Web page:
Lsh, a guardian of heterochromatin Epigenetic modifications comprising DNA methylation and histone modifications are crucial for organization of the genome into active chromatin (euchromatin) and repressed chromatin (heterochromatin). The functional organization of chromatin is important for regulation of transcription, cellular differentiation, imprinting and normal mitosis. Our group studies the role of epigenetic modifications that control chromatin structure in particular DNA methylation during normal embryonic development and during cancer development. The current focus of our studies is to understand the molecular mechanisms and biological role of Lsh. Lsh (lymphoid specific helicase) is a chromatin remodeling protein that our group has previously identified, cloned and characterized. Lsh is predominantly found in lymphoid tissues in the adult animal, but it is ubiquitously expressed during embryogenesis. Lsh is a crucial factor for normal embryonic development since targeted deletion of Lsh leads to death of the newborn animal. Lsh is a component of pericentromeric heterochromatin and Lsh deficiency results in a greatly perturbed heterochromatin organization with loss of DNA methylation and altered histone tail acetylation and methylation. As a functional consequence of perturbed pericentromeric heterochromatin we observe aberrant reactivation of 'parasitic' elements (such as endogenous retroviral elements) and abnormal mitosis with amplified centrosomes and genomic instability. Thus Lsh is a major epigenetic regulator that controls DNA methylation patterns and is crucial for normal heterochromatin structure and function. We are currently testing the role of Lsh and genomic demethylation in tumor progression. These studies should provide insights in a number of basic biologic processes that involve epigenetic modifications such as transcription, imprinting, mitosis and cellular transformation.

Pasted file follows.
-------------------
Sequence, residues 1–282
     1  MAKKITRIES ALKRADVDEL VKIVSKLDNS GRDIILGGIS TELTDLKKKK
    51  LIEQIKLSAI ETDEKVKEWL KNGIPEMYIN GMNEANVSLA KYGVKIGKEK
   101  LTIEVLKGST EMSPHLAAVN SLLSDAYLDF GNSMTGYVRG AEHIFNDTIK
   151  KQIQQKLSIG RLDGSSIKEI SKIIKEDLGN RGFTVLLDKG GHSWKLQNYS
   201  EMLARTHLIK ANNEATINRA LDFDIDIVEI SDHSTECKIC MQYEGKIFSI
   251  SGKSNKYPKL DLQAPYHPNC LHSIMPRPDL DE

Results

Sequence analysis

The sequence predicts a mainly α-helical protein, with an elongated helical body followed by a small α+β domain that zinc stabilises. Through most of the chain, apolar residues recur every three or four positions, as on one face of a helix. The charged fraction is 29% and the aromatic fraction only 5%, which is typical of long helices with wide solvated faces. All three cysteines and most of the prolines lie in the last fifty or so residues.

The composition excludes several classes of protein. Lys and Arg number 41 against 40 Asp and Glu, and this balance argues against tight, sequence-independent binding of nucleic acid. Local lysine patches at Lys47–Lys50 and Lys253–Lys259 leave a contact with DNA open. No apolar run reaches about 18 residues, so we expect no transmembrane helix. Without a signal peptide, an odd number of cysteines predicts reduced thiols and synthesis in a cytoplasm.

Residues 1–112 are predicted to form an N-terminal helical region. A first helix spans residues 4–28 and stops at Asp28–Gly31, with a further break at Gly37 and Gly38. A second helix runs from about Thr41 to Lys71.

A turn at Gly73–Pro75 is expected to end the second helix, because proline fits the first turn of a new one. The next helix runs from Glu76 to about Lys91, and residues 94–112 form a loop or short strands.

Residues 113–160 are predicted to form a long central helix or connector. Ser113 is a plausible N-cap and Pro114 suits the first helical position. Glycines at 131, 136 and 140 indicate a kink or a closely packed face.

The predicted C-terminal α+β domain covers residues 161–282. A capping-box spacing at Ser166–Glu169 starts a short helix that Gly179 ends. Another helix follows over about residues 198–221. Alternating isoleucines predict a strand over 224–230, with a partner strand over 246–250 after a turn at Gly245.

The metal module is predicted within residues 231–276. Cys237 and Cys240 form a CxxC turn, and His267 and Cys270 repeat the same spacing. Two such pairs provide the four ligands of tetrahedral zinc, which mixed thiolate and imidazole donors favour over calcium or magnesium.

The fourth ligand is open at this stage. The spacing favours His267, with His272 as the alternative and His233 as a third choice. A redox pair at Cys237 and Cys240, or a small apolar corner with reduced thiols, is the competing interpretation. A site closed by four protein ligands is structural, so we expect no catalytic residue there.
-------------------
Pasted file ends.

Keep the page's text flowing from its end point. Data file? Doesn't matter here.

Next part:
National Institute of Health (NIH)
Division of Basic Sciences - NCI (NCI)
Intramural Research (Z01)
Project #
Application #
Study Section
Project Start
Project End
Budget Start
Budget End
Support Year
Fiscal Year
Total Cost
Indirect Cost
Basic Sciences
United States
Zip Code
Xi, Sichuan; Geiman, Theresa M; Briones, Victorino et al. (2009) Lsh participates in DNA methylation and silencing of stem cell genes. Stem Cells 27:2691-702
Zhu, Heming; Geiman, Theresa M; Xi, Sichuan et al. (2006) Lsh is involved in de novo methylation of DNA. EMBO J 25:335-45
Fan, Tao; Hagan, John P; Kozlov, Serguei V et al. (2005) Lsh controls silencing of the imprinted Cdkn1c gene. Development 132:635-44
Huang, Jiaqiang; Fan, Tao; Yan, Qingsheng et al. (2004) Lsh, an epigenetic guardian of repetitive elements. Nucleic Acids Res 32:5019-28
Fan, Tao; Yan, Qingsheng; Huang, Jiaqiang et al. (2003) Lsh-deficient murine embryonal fibroblasts show reduced proliferation with signs of abnormal mitosis. Cancer Res 63:4677-83
Yan, Qingsheng; Huang, Jiaqiang; Fan, Tao et al. (2003) Lsh, a modulator of CpG methylation, is crucial for normal histone methylation. EMBO J 22:5154-62
Muegge, Kathrin (2003) Modifications of histone cores and tails in V(D)J recombination. Genome Biol 4:211
Muegge, Kathrin; Young, Howard; Ruscetti, Francis et al. (2003) Epigenetic control during lymphoid development and immune responses: aberrant regulation, viruses, and cancer. Ann N Y Acad Sci 983:55-70
Geiman, T M; Muegge, K (2000) Lsh, an SNF2/helicase family member, is required for proliferation of mature T lymphocytes. Proc Natl Acad Sci U S A 97:4772-7
Lee, C K; Kim, K; Geiman, T M et al. (1999) Cloning thymic precursor cells: demonstration that individual pro-T1 cells have dual T-NK potential and individual pro-T2 cells have dual alphabeta-gammadelta T cell potential. Cell Immunol 191:139-44

Showing the most recent 10 out of 11 publications